* To be had of the Publishers, price 6d.
and violently retained by bloody contests, under the unjust assumption of divine approval. “God putteth down one and setteth up another,” according to the measure of national iniquity, and for other special ends. If the Jewish dispensation, notwithstanding its locality, was not maintained, but through the frequent miraculous interpositions of the Almighty, it should excite no surprise that the Christian dispensation has not maintained universal purity of profession. The former was political ; the latter is spiritual; the former was ceremonial; the latter is simple, and consequently less harmonious with the corrupt nature of man. The former was typical and temporary; the latter is substantial and perpetual ; so that its ultimate universal adoption is not affected by the tardiness of its advancement, or the comparative fewness of its true members, which cannot obstruct the fulfilment of God's designs.
At the promulgation of the Gospel, the existing powers were not opposed or condemned by any direct or specific injunction in relation to war; at least, so far as was calculated to excite general attention. But while the duty of lawful obedience to governments was enjoined, a spirit adverse to every passion which could generate war, was as clearly to be deduced from it. Thus while Christianity recommended itself to the consciences of its followers, political interference on their part was restrained within necessary bounds. The Romans, who, after a lapse of ages, so hardly endured the extinction of their idolatrous rites would not, at the same time, have received an open declaration of the unlawfulness of war, as being no less than a threatened extinction of their political existence.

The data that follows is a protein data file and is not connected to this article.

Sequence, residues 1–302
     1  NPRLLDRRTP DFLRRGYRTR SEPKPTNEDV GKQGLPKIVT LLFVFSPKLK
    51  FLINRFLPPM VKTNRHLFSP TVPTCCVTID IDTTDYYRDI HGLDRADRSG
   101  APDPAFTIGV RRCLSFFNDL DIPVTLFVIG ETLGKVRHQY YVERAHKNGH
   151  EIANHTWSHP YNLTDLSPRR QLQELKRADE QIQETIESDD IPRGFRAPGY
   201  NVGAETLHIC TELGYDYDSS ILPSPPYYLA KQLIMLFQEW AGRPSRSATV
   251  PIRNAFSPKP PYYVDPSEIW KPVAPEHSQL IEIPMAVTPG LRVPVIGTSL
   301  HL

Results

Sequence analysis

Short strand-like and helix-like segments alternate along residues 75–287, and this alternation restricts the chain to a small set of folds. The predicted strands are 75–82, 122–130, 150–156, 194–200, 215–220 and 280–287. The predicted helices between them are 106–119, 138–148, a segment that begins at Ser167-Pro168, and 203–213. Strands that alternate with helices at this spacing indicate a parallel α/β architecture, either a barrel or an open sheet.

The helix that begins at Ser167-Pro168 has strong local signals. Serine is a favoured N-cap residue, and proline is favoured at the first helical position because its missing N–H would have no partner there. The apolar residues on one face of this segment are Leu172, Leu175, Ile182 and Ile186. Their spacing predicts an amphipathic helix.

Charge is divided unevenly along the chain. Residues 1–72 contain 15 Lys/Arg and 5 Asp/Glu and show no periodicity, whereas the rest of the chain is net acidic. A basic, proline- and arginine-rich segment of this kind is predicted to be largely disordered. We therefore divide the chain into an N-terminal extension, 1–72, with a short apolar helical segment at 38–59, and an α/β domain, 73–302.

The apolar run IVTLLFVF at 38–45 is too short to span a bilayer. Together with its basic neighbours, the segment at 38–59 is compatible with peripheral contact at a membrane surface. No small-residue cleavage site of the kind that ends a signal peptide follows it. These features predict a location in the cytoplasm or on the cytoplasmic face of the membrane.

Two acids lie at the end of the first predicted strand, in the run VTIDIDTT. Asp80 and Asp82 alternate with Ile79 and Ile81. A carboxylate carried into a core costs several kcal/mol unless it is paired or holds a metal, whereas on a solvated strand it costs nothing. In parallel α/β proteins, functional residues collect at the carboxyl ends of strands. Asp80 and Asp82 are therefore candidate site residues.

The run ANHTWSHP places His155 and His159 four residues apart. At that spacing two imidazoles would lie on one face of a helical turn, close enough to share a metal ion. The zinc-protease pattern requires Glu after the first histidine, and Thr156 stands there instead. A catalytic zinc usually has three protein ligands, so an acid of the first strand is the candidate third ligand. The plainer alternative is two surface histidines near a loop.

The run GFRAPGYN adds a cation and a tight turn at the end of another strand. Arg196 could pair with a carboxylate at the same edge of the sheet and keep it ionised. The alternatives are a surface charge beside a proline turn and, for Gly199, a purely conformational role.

Though“ all men” were" called on to repent, believe, and obey the Gospel, yet its universal adoption, especially in relation to peace, was declared to be far distant. Not only the persecutions which overtook its followers during the primitive ages, but the papal usurpation of its authority which succeeded these, as well as the subsequent desolations of the Saracens and Turks, were all foretold, as, doubtless, necessary to preserve it in its original purity among the few who have remained faithful in the wilderness, during the lengthened predicted period. See Rev. XII. 6. In reference to these things our Lord says, “ It must NEEDS be that offences will come, but woe unto him by whom they come;" also, “ Think ye that I am come to send PEACE on earth, I tell you nay, but a SWORD:" yet he adds, on another occasion, ALL they that take the sword shall perish by the sword.” And the numerous prophecies relative to the last days clearly evince, that the unrestricted favour of God shall not become universal till the glorious period arrive when “ the work of righteousness shall be PEACE,” and “the nations learn war no more."